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The Cynosure

  Michael Bakunin
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  Anarchist History
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From 1880-1930 the anarchist movement existed relatively undisturbed in Argentina. It was a mostly workers’ movement, based on the urban and industrial proletariat.

1871: The first organized activity affiliated with the First International did not occur in the country until the arrival of several exiles from the repression that followed the fall of the Paris Commune in 1871. *

1875: Backlash of the international capitalist crisis created a large number of immigrants in Buenos Aires without work. The First International was then able to rally and recruit new members and support.^

1885-1889: Errico Malatesta, Italian anarcho-communist, lives in Argentina and helps expose and popularize the anarchist ideology. Mamatesta’s Questione Sociale had immense influence over Italian workers.

1897: Anarchist newspaper La Protesta is founded.

1901: Federacion Obrera Argentina (FOA), or the Argentine Workers’ Federation, was created. Members were varying anarchists and socialists. The organization’s principles were influenced largely by Pellicer Paraire’s series of articles on Labor Organization in La Protesta Humana. Paraire suggested a dual organizational structure for labor federation. This called for two branches, one to focus on and represent issues of the economy and trade, and the other was to be a revolutionary and anarchist branch, serving as the philosophical foundation for the Federation. Within a year the FOA had split up, but between about 8,000 of the previous 10,000 members stayed with the federation and were able to establish an anarchist hegemony in unions. Following the rapid growth of trade-unionism the Federacion Obrera Regional Argentina (FORA) was created and largely inspired by Italian Anarchist Pietro Gorri. The unions associated with FORA were considered one of the principle means of spreading the anarchist ideal amongst the proletariat.*

1902: First general strike, state responds with force. This was the first time that workers in Argentina had demonstrated their growing social and political influence on the national scale. As a result of the deteriorating labor relations between the state and the unions the state imposed a “ley de residencia”, or law or residency, which was used to expel hundreds of anarchists and foreign born workers from Argentina.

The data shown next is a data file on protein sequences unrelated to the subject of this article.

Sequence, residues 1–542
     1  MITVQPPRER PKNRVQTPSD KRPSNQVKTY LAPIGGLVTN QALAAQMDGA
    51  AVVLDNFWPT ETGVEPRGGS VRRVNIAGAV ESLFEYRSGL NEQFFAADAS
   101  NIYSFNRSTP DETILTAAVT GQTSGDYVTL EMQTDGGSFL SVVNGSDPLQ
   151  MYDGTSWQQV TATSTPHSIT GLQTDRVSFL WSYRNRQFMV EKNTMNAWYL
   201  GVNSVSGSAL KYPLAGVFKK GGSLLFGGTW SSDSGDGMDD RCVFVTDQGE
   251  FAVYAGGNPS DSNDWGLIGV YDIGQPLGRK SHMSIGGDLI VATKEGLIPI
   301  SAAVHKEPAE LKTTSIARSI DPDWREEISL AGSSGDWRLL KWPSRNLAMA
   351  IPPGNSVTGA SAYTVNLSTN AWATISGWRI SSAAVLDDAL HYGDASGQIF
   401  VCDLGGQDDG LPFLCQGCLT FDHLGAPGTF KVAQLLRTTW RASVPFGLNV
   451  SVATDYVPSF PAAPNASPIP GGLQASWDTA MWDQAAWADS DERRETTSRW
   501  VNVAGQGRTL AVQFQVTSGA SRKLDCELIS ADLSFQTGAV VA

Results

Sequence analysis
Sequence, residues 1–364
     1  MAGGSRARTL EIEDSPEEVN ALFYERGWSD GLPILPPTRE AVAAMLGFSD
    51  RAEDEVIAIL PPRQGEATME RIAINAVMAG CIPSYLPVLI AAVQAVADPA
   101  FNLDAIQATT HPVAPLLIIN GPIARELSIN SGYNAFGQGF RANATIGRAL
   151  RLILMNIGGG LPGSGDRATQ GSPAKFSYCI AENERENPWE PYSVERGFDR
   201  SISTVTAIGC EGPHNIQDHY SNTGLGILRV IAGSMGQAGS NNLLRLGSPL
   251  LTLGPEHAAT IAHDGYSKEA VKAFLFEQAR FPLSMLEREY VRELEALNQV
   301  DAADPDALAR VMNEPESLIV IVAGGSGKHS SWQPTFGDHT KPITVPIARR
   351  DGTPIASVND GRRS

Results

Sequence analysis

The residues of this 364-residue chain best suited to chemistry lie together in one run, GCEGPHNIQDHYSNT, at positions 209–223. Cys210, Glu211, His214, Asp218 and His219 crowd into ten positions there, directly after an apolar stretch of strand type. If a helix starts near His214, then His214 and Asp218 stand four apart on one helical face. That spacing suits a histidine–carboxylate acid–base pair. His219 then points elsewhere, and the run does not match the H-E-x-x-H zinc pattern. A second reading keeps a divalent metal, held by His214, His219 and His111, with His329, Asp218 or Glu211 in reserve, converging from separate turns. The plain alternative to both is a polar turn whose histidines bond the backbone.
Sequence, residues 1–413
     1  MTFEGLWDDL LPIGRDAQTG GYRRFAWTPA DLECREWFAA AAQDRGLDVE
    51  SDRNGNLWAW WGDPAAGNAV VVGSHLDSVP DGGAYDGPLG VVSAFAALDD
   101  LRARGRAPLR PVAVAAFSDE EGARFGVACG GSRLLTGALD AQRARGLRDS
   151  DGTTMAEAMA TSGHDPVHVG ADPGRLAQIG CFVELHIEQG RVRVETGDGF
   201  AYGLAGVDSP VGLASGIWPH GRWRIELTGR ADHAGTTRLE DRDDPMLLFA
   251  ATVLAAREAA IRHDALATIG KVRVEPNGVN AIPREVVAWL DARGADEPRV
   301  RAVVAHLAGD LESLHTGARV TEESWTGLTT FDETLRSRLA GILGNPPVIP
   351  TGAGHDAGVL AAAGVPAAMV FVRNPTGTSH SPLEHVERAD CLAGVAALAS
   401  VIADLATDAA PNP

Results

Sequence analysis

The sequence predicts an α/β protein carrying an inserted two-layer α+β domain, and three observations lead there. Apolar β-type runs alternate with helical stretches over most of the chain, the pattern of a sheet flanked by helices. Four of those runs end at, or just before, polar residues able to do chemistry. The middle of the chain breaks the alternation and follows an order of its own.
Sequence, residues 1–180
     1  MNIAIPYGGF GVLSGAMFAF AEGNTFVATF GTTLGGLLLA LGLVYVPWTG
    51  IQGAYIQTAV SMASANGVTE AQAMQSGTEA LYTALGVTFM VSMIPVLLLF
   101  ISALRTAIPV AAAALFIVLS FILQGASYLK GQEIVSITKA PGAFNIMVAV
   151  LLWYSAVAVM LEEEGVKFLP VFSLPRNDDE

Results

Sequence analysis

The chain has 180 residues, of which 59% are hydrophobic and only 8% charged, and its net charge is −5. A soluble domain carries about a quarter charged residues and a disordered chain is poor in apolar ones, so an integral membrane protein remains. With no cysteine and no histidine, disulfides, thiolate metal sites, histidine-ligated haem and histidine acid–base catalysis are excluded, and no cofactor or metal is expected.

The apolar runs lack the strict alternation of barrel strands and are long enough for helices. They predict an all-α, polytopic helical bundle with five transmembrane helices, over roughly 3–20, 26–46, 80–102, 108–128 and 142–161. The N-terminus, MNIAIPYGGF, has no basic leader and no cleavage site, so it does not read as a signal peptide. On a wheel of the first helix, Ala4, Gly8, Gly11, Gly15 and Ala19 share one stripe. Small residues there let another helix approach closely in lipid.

1907: the Departamento Nacional de Trabajo (National Labor Department) was established with the purpose of enforcing reformed labor laws (including legislation designating Sunday as a day of rest and regulating the condition and hours as pertains to women and child workers), to collect statistics on working conditions and serve as a mediator for all labor disputes.

May 1, 1909: Commonly known as “May Day”. Argentine police open fire on a FORA (previously FOA) demonstration, killing several activists.

November 13, 1909: Simon Radowizki a young anarchist Jew, throws a bomb at the car of the Chief of Police, Colonel Ramon Ralcon, the man blamed for the demonstration bloodshed, killing him and his secretary.

1910: FORA attempts, but ultimately fails to mobilize enough support, to lead demonstrations and opposition policy against the laws of residency.

1919: “La Semana Tragica”, or the tragic week, begins on January 7 when police launch an attack on workers, who had been striking for several days, at the Vasrna Metallurigical plant, killing some. In retaliation, a general strike, backed by anarchists and syndicalists, was called for January 10 and 11. As a result, Socialist press in the area recorded 700 dead, over 55,000 imprisoned and 4,000 injured. The Argentine government and media publicly cited the strikes as the work of ‘foreign agitators’. Following these events the decline of anarchism in Argentina became more prominent.

This year membership of FORA reaches 20,000.

1920: Argentine army intervenes in an uprising of agricultural laborers, led by anarchists, in Patagonia. The uprising was repressed and about 1,500 were killed at the hands of firing squads.

Throughout the 1920’s the anarchist movement was weakened by the success of the Bolsheviks. The movement was in a constant state of ebb until FORA merges with the socialist Union General de Trabajadores to form the Confederacion General de Trabajadores in 1929. During the rule of President Peron the movement moved underground. In 1955 the Argentine Anarcho-Communist Federation (founded 1935) became the Argentine Liberation Front (FLA). Today FORA exists solely as a propaganda group.

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